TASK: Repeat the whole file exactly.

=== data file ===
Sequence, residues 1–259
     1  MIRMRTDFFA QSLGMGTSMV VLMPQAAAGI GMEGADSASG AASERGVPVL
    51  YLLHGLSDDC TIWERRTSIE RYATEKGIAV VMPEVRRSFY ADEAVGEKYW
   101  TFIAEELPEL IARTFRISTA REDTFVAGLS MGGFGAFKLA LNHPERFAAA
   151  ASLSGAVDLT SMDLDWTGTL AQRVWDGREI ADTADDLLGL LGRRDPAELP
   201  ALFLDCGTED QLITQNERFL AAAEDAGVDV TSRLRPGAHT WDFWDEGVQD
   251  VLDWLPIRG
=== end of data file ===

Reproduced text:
Sequence, residues 1–259
     1  MIRMRTDFFA QSLGMGTSMV VLMPQAAAGI GMEGADSASG AASERGVPVL
    51  YLLHGLSDDC TIWERRTSIE RYATEKGIAV VMPEVRRSFY ADEAVGEKYW
   101  TFIAEELPEL IARTFRISTA REDTFVAGLS MGGFGAFKLA LNHPERFAAA
   151  ASLSGAVDLT SMDLDWTGTL AQRVWDGREI ADTADDLLGL LGRRDPAELP
   201  ALFLDCGTED QLITQNERFL AAAEDAGVDV TSRLRPGAHT WDFWDEGVQD
   251  VLDWLPIRG